For Croom, dedication to service more than just a job

DOWNEY - Lonald "Lonnie" Dean Croom, 26-year veteran Downey firefighter and deputy fire marshal for only a handful of days more, was one of three selected candidates who tested for the position of fire chief in late October last year.He was informed of the decision in his favor on Nov. 18, but it was not until Nov. 23 that the City Council formally voted its approval. Upon learning the good news, he was quoted as saying, "This is a dream come true." Croom takes over as fire chief on Monday from erstwhile chief Jeff Turner, who was coaxed from a golf-studded retirement and has been serving on an interim basis for two years. Born and raised in Downey, young (he is only 46) and exuding an aura of sculptured strength, Croom is a graduate of Downey High and holds a BS in occupational studies/vocational arts from Cal State Long Beach. He says he wanted from the beginning nothing else but to become a firefighter, but getting appointed as fire chief was totally unexpected. Croom started as a fire explorer, then early on showed his mettle, becoming a firefighter in 1984, and rising through the ranks of the Downey Fire Department, as a firefighter paramedic from 1988-1994, fire engineer/prevention inspector in 1994, and attaining the rank of fire captain in 1996. He has been serving as deputy fire marshal since 2008. His most memorable and proudest moments in his rise to top dog in the Downey Fire Department definitely include, he says, his leading a group of about 400 FEMA employees deployed to Mississippi in 2005 in the aftermath of Hurricane Katrina, in which he led in establishing an Incident Command System in the affected region. But he is especially proud of his roles over the years as fire prevention bureau inspector and investigator, emergency medical technician (EMT) program director for 10 years, fire explorer program coordinator for 16 years (during which he oversaw the 1997 California Fire Exploring Academy held in the city of Downey) and as training officer, instituting curriculum and training methods to provide better live fire and fire behavior instruction to recruits and veteran firefighters alike. Because of these, it wasn't hard for him to identify his forte as belonging to the training area. He points to his days in the Training Tower, teaching and training firefighters in the art and science of fire suppression, etc. He says training is indeed a hallowed daily routine at the department, where responses to emergencies and quick thinking are honed. The source of his strength, he says, in the training and leadership areas is his passion for helping people. This passion is difficult to conceal, he says, and expresses itself in various ways including daily exercise and otherwise maintaining physical fitness and mental alertness in order to be prepared for emergencies and making the right decisions. Moreover, he says, "Most in the profession were chosen for their character. It's a lifestyle for us, a commitment, not just a job." He has plans to attend the National Fire Academy in Emmitsburg, Maryland, will attend the occasional fire chiefs' courses, and maybe go for his master's in public administration. Croom's family roots go back to the County of Limerick in Ireland, where one can find a Croom Castle. He says he doesn't know if a family connection exists. Croom thinks he is the first fire explorer to make it as fire chief in the 53-year history of the DFD. He also broke tradition as the first non-battalion chief to become fire chief. He resides in Huntington Beach.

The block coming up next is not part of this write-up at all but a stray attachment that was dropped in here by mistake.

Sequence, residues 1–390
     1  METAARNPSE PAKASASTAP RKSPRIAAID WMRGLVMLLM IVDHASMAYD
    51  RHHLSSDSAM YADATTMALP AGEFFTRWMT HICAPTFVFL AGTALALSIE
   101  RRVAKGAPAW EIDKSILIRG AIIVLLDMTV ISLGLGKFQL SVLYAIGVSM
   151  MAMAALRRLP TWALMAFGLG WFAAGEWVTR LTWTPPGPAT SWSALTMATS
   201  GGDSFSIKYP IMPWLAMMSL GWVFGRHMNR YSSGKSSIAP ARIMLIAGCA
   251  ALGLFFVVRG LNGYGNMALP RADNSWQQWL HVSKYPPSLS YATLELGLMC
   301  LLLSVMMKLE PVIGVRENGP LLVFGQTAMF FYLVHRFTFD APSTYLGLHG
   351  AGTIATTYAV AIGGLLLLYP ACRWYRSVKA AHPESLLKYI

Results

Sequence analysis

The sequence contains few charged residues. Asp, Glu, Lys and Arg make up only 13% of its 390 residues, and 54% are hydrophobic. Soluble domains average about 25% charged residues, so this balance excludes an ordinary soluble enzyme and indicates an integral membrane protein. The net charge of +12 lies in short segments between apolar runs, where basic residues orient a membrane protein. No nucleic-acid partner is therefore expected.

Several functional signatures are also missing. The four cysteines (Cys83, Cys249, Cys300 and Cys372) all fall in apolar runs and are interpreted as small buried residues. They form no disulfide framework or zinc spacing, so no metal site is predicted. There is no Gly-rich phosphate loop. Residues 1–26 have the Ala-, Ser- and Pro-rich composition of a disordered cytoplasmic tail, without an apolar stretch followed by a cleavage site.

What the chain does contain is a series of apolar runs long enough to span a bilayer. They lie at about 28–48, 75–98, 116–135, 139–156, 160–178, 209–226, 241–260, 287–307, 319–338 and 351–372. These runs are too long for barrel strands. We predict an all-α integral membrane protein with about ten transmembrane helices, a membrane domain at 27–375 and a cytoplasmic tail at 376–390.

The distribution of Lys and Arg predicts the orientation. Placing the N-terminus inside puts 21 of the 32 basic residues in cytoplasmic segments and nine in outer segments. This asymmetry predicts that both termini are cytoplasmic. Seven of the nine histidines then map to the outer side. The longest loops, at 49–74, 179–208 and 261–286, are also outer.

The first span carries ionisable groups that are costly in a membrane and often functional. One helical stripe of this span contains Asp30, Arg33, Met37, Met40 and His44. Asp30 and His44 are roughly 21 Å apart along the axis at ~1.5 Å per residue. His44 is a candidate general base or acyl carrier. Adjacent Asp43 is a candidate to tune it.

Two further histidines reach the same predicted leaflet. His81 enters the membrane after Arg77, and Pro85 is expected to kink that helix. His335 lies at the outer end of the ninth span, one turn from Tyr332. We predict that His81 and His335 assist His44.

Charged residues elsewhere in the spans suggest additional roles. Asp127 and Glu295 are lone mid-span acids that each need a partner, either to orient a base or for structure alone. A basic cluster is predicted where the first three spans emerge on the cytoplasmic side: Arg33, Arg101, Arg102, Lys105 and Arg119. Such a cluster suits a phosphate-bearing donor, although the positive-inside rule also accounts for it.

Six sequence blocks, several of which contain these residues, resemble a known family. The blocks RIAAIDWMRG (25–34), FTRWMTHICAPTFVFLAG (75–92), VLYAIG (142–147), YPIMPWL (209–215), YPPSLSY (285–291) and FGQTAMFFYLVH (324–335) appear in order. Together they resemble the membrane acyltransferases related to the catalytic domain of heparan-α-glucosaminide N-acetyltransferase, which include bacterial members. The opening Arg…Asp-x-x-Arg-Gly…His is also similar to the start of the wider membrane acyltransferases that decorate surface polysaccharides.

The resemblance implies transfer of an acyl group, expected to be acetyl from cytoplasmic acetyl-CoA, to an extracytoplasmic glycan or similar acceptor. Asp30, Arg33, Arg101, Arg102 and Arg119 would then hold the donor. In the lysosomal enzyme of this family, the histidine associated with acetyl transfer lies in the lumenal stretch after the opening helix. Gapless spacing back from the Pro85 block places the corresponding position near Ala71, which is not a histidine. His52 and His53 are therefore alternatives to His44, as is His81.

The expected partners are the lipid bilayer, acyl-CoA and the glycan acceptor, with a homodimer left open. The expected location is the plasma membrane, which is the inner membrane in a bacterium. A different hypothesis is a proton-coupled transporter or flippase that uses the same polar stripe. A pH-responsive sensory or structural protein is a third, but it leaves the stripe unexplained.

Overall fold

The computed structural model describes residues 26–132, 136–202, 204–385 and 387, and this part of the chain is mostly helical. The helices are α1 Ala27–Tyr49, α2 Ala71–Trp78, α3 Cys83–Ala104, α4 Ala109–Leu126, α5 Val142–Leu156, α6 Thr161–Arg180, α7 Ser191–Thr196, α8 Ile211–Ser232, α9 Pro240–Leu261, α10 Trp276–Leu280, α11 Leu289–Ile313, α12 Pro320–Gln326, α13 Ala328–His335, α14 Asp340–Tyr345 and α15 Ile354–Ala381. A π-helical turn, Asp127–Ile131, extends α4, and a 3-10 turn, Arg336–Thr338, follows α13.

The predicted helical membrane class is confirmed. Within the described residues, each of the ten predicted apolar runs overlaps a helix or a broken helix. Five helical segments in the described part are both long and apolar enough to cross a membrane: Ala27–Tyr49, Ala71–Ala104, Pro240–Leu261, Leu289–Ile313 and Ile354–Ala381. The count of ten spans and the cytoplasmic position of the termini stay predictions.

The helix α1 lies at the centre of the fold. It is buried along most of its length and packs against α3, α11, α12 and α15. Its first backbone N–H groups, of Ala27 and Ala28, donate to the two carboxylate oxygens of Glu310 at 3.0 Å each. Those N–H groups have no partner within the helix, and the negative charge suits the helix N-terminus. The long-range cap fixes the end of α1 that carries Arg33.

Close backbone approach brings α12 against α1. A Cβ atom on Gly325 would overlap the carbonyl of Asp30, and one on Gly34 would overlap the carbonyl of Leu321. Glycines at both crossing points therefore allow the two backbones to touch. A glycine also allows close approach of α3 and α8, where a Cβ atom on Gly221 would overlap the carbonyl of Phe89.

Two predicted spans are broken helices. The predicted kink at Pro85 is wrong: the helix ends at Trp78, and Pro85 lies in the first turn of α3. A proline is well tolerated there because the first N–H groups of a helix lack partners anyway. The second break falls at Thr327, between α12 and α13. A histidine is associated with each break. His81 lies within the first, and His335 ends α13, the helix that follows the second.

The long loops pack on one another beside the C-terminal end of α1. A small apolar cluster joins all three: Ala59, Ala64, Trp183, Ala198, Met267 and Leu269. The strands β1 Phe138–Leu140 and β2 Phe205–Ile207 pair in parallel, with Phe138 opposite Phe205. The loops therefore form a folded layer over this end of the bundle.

********** Published: December 16, 2010 - Volume 9 - Issue 35